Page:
Thursday, August 1, 2013
Many people who are familiar with the quote first heard it when the late Senator Bobby Kennedy included it in a speech when he was the bearer of the worst possible news in front of an audience of thousands. Martin Luther King Jr. had been shot and killed in Memphis. Kennedy addressed the audience in Indianapolis, speaking from the heart and connecting the experience to his loss after his own brother's assassination.
The same words by this Greek poet work their way into an earlier time with Ordinary Grace: A Novel by William Kent Krueger. Although set in 1961, years before the assassinations, the sentiment shines at the heart of this book that explores the fragility of relationships, pain of loss, and anguish of murder.
Specifically, it reminds us that loss brings us wisdom and experience beyond our years, often against our will. And even when we can never feel good about such an experience, it is often in those moments we are most inclined to see his grace. Or, as Krueger settles on in his book, that some things are beyond our comprehension, including the terrible price that sometimes accompanies wisdom.
Ordinary Grace is the story of a series of tragedies that besiege a small town.
The story centers on 13-year-old Frank Drum and his family. Brought to New Bremen by their Methodist father to serve three small town congregations in southern Minnesota, the Drums maintain a modest household of five. They made enough to eat well when someone is inclined to cook but not well off enough to afford air conditioning, a comfort that distinguished the rich around the Flats.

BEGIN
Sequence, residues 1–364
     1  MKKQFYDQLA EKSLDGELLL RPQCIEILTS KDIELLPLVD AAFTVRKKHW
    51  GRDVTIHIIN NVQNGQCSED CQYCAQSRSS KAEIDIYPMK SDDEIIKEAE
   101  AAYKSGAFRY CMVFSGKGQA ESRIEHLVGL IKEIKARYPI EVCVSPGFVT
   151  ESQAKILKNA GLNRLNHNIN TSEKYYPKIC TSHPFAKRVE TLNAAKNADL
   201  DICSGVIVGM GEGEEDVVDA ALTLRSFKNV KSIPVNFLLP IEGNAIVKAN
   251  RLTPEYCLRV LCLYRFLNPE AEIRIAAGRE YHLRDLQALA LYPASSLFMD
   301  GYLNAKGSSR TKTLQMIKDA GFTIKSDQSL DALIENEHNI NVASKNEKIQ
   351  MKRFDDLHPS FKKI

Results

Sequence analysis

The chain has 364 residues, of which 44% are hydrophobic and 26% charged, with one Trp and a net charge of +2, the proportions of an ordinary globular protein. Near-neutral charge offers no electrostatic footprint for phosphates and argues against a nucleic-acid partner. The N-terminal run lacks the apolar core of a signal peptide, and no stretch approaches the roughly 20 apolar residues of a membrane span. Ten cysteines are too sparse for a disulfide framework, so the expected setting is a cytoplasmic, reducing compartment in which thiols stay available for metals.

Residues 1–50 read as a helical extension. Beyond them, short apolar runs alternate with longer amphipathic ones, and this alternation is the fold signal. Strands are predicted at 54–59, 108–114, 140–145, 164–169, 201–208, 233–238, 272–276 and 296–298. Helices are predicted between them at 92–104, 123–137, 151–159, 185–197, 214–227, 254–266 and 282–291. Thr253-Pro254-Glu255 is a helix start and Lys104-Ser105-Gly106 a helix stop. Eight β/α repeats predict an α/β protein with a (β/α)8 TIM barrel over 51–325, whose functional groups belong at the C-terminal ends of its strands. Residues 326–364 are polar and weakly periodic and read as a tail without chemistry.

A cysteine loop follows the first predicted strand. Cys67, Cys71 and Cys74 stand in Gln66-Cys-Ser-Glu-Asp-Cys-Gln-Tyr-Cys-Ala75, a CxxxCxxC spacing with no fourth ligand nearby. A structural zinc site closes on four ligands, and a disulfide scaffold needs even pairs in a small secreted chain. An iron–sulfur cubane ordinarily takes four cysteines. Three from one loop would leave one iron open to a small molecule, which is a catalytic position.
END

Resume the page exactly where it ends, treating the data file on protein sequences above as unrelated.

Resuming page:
His older sister, despite her harelip, was both attractive and an accomplished pianist who had just graduated high school and had plans to attend Julliard. His brother, 11-year-old Jake, is a boy who is wise beyond his years but most people avoid him because of his stutter.
Of course, Sunday services are not the only obligation of a minister. They are charged with counseling those in need and consoling those who grieve. It was the latter, not the former, that marked the summer of 1961 as something other than ordinary. The death of Bobby Cole hung heavy on them all.
It also foreshadowed the kind of summer it would be, as Drum finds himself thrust into an adult world full of secrets, lies, adultery, and betrayal. By the end of it, he will be exposed not to one death alongside the railroad tracks his parents have forbidden him and his brother to visit, but four of them — a number that seems much too high to be a coincidence given the number of people with motive and opportunity.
A couple of quick graphs about author William Kent Krueger.
Krueger himself was born the third of four children in 1950 in Torrington, Wyoming. His parents convinced them that they had gypsy blood and lived in eleven different houses in six different states by the time he graduated from high school. After college, he logged a bit of timber, worked a lot of construction, published a few magazine articles, and eventually began writing in earnest.
Ordinary Grace By William Kent Krueger Lifts Up 9.1 On The Liquid Hip Richter Scale.
The pitch-perfect novel brings together Krueger's experience as mystery writer with his literary prowess in telling a coming-of-age story from the point of view of a boy who is given too many crosses to bear. It's poignant, readable, and filled with broken characters whom he somehow manages to make whole by piecing them together in order to find a hopeful but painful end.
You can find Ordinary Grace: A Novel by William Kent Krueger on Amazon. The book is also available from Barnes & Noble and can be downloaded for iBooks. The audiobook proves William Kent Krueger's feeling — that it was meant to be read out loud — true. Rich Orlow brings the right stuff as narrator.